Sensor rich LED bulbs cover the office ceiling late on a Wednesday evening; they know Steve is there because the motion sensor detects his movements. In fact the building’s central control system already predicted he would be there because he always stays late on a Wednesday. If it could, it might speculate as to why, but instead it keeps the lights on around his desk, which also transfers data to his computer via Li-Fi, and maintains the best positioned air conditioner to keep him cool.
The following Wednesday something doesn’t work as planned, but who does Steve contact to solve the problem, the facilities manager or the IT manager? Which department purchased and installed the system, and who is responsible to fix it? While many increasingly automated buildings have made this decision, there is no clear consensus across smart buildings as we move into this automated future.
IT departments are weary of the physicality of lighting and HVAC systems, even if linked to a highly computerised building automation system (BAS). While the majority of facilities staff are not equipped to deal with the complex software involved in new data rich BASs.
“Facilities managers are going to bring a lot of this stuff in largely without the CIO and IT managers involved”, said Tom Pincince, president and CEO of Digital Lumens. Predicting the facilities department will take the lead in this regard, and will be the target of BAS sales. After all is it an evolution of the lighting and HVAC building facilities, and any evolution these days will include computerisation in some form.
However, “light is not just light anymore” stated Eric Rondolat, the Global CEO of Philips Lighting. “They are systems with location sensors and intelligence. We need to develop full architectures for the light sources, and on the marketing and sales side of the equation we must also make sure we are equipped with the type of people who can drive those types of enterprise sales”.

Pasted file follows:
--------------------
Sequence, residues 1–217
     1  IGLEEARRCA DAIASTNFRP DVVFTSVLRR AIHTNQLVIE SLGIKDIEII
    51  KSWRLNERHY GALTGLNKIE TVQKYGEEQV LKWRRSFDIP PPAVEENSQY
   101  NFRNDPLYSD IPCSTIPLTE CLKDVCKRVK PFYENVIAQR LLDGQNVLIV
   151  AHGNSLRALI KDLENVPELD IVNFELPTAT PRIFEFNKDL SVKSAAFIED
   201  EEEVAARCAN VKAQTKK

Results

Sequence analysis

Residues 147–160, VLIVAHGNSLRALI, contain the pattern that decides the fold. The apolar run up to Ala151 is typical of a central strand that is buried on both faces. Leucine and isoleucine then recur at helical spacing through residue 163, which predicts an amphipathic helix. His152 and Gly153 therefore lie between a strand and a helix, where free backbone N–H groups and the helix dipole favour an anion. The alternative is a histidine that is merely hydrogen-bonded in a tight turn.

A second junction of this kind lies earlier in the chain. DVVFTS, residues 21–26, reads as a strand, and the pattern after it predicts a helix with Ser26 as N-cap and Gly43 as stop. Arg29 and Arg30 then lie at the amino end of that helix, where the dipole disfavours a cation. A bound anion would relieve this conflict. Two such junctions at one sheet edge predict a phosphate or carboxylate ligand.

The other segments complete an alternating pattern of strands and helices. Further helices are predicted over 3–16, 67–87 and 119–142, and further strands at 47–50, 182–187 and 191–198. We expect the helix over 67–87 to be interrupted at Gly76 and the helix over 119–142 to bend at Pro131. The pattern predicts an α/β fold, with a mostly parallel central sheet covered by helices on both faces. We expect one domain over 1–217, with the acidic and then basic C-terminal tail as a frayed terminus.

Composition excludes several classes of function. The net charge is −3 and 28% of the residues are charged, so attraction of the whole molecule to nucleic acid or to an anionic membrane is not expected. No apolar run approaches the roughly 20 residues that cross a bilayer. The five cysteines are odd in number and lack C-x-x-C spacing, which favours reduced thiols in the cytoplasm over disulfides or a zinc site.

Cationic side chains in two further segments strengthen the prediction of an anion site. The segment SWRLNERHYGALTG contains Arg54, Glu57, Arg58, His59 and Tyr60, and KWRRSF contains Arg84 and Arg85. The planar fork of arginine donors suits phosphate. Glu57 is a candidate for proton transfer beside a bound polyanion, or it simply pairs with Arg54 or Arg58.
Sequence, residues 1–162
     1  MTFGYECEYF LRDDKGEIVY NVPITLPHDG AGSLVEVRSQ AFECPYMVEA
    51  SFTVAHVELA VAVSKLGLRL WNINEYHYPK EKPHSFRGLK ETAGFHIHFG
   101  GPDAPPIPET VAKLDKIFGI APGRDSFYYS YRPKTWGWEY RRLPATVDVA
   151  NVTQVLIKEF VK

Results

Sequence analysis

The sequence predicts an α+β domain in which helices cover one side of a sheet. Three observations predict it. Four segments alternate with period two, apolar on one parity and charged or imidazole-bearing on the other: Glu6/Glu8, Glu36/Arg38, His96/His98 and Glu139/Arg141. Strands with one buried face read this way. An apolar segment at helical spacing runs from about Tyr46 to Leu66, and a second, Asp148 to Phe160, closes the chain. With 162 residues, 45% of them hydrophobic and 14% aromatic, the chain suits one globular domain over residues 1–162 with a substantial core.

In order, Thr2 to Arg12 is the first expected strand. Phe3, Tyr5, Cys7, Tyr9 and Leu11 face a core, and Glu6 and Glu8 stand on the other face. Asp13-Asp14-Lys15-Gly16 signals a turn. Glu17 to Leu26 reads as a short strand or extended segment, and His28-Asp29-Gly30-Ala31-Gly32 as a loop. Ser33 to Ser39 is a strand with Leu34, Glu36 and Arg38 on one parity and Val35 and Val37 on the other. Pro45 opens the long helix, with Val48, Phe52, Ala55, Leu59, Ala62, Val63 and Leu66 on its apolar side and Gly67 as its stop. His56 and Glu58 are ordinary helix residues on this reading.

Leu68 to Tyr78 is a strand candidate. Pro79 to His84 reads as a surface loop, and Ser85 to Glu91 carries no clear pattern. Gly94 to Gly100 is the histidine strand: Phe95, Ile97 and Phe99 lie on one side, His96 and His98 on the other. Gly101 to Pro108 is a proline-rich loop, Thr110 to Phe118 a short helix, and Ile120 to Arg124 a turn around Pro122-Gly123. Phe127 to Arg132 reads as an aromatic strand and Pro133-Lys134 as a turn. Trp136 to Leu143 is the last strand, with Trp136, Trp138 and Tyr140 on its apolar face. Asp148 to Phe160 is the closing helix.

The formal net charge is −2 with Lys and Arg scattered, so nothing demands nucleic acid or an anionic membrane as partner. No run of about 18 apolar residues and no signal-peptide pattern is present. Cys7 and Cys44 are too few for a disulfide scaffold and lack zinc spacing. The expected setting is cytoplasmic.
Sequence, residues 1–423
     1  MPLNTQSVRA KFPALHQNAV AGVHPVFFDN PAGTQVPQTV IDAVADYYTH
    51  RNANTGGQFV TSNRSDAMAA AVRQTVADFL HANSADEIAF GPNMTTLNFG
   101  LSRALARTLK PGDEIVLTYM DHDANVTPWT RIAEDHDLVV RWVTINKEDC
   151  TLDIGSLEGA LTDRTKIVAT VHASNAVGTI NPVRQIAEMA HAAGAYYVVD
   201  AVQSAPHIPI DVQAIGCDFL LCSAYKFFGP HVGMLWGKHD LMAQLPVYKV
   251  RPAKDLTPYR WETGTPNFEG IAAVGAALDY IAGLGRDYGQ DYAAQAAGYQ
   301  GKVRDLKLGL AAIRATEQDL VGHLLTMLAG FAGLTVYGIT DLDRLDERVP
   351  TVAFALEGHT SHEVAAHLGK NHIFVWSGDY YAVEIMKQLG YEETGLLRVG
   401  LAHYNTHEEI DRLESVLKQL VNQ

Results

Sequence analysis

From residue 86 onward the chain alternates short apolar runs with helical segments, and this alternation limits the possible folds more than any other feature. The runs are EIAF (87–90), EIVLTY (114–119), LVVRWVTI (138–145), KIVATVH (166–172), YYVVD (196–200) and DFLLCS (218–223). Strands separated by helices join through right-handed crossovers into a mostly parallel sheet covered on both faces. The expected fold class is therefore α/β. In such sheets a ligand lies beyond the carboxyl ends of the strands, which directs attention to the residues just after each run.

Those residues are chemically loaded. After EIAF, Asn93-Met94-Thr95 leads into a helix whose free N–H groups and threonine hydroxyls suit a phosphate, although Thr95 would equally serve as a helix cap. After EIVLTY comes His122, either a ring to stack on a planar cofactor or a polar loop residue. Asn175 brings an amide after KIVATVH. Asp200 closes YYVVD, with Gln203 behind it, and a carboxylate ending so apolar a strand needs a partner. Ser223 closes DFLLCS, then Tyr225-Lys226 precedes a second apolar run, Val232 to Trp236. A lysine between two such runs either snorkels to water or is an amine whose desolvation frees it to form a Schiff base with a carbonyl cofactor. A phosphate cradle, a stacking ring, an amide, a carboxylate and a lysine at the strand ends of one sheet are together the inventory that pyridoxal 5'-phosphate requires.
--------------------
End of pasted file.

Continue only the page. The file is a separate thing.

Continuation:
Rondolat says Philips’ sales team is finding itself in the offices of the CXOs and the IT managers, more often than in facilities and building management department. This also results in the sales pitch being more about the potential return on investment from lighting around energy efficiency, perhaps also increasing productivity in the office through lighting systems which mimic the daily progression of natural light.
However there is so much more to offer from BAS systems that do blur the lines between facilities and IT departments. Be it light based data transfer, or the connectivity between sensor systems, computing and communications. We are also yet to touch on physical security systems.
[contact-form-7 id="3204" title="memoori-newsletter"]
As these departments begin to overlap, a change will be needed. One logical solution would be to develop a new breed of software-savvy facilities managers, able to deal with the multitude of Big Data applications in smart buildings from Internet of Things connected devices. The extent of such applications is explored in much more detail in a recent Memoori report: Big Data for Smart Buildings: Market Prospects 2015 to 2020.
Another realistic option would be for IT departments to evolve to encompass the responsibilities of facilities management, as a building rolls out their BAS applications. Perhaps even a new entity is required to focus on building automation while bringing harmony between facilities and IT factions.
While individual building owners are free to create their own structure to meet their needs and preferences, there will be a push for consistency in the coming years. This will have to come as confused lighting and HVAC sales people wander from one department to another seeking answers, and as a skills shortage arises from the lack of specific education available to meet this increasing need.